is the following:

$\eta i\text{}=Ui\text{}=\beta 0\text{}+\beta i1x1\text{}+\beta i2x2\text{}+....$Given the predicted value of *U*_{i}
(which is taken to follow a logistic distribution), we inspect which interval on the real axis it falls into, and this in turn determines which rating is predicted (see also Baayen and Divjak 2017 for further discussion).

shows that the effect of the variable Matches Original is larger than any other, even when corrections are made for differences in units and numbers of levels. In other words, even when we take into account the fact that there is some tendency to choose a form that is more frequent, and that there are differences associated with various factors relating to the form and context of the token and with the participants, there is a very strong tendency to prefer the original form over the alternative.

As a next step, we considered a model that included two interactions. The first interaction is that of age by frequency ratio, the idea being that experience with language accumulates over the lifetime in such a way that speakers become more proficient as they age, and hence may not need to rely as much on relative frequency of use and more on the “hidden factors” that drive aspect selection (Ramscar et al. 2017). We also considered the interaction of Matches Original by Text, as it is known that the use of aspect can vary substantially between, e.g. scientific texts and fiction. Older speakers appear to rely less on the relative frequency of aspect use, possibly because they are more sensitive to the stylistic/discourse factors that determine aspect use, compared to younger speakers (further details about interactions can be found in the link in Footnote 5).

Word identity is not included as a random effect. The reason for this is that the frequency distribution of verbs is Zipfian, with many verb forms appearing only once and a small number of verbs being used intensively. Including item as a random effect forces the model to find a set of by-item adjustments that follow a normal distribution. Given the Zipfian nature of word probabilities, this is impossible. A model including by-word random intercepts would be misspecified. To see this, consider the large proportion of forms (typically around 50% of the word types) that occur once only. For each of these forms, the model would include not only an intercept adjustment, but also several other item-bound predictors such as Logarithm of Relative Frequency, Matches Original, Aspect, and Subparadigm. Thus, such a model would be overspecified.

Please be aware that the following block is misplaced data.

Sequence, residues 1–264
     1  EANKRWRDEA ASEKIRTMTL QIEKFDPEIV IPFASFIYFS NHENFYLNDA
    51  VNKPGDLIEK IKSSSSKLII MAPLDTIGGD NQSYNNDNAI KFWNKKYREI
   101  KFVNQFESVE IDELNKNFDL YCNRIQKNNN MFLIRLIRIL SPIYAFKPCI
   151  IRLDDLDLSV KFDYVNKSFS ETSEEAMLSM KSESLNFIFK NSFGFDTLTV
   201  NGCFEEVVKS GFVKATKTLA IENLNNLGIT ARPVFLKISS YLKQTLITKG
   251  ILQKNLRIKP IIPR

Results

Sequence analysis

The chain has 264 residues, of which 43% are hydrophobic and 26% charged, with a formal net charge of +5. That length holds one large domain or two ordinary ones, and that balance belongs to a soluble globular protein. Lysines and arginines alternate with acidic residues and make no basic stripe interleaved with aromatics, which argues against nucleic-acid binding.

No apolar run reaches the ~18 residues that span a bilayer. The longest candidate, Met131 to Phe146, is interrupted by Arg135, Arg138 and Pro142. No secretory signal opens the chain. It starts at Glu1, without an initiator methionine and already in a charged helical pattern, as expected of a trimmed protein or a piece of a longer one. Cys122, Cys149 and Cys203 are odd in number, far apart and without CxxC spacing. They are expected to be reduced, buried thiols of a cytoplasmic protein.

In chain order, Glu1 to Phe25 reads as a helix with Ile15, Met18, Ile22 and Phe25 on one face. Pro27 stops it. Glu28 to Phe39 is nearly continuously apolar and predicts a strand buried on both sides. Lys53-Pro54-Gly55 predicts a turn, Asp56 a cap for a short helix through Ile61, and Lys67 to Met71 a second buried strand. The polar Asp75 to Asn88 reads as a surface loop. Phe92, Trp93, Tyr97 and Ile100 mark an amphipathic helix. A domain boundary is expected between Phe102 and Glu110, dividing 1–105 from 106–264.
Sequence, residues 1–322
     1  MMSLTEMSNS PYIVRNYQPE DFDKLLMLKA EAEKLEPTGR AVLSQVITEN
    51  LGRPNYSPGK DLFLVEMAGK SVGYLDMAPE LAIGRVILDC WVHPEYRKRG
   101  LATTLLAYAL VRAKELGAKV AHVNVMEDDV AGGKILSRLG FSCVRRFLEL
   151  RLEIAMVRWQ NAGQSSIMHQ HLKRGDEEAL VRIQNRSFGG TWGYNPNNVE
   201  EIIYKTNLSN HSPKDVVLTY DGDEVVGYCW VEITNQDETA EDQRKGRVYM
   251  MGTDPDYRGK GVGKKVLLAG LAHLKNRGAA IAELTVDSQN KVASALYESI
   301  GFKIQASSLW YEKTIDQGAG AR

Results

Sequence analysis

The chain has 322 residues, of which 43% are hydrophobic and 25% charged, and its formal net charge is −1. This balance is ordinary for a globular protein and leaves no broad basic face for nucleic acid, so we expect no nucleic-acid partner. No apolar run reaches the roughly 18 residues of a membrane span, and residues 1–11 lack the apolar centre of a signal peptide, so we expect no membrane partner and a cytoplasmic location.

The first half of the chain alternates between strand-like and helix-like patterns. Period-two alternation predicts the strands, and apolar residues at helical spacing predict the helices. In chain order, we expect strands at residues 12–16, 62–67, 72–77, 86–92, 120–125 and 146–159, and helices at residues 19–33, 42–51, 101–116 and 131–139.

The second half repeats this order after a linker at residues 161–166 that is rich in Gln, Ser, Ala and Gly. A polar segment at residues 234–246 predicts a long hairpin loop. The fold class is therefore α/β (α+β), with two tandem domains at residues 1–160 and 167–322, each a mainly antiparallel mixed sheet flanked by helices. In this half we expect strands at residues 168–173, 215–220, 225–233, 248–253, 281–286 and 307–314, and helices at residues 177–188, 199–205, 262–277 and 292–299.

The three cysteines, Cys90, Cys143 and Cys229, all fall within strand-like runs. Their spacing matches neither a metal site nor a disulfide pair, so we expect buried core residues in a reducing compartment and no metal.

In this context, it is worth noting that the logistic GAM is not a Gaussian model, and that there is no error term that should be independently and identically distributed (iid) for p-values in the model summary to be trustworthy. Thus, whereas in a standard linear mixed model for, e.g. reaction times, it would be desirable to include word as random-effect factor to avoid structured errors and violation of the iid model assumption, this issue does not arise in the context of the present ordinal regression model. Furthermore, as this model (for details, see Wood et al. 2016) is not a proportional odds model, assumptions about proportional odds need not be made.

In sum, the statistical analysis brings into relief the importance of the variable Matches Original in determining the rating of a verb form, even when other factors are taken into account. The remainder of our analysis focuses on the rating of original aspect vs. non-original aspect, and how this manifests as an indicator of redundancy vs. open construal in our data.

## Comments (0)

General note:By using the comment function on degruyter.com you agree to our Privacy Statement. A respectful treatment of one another is important to us. Therefore we would like to draw your attention to our House Rules.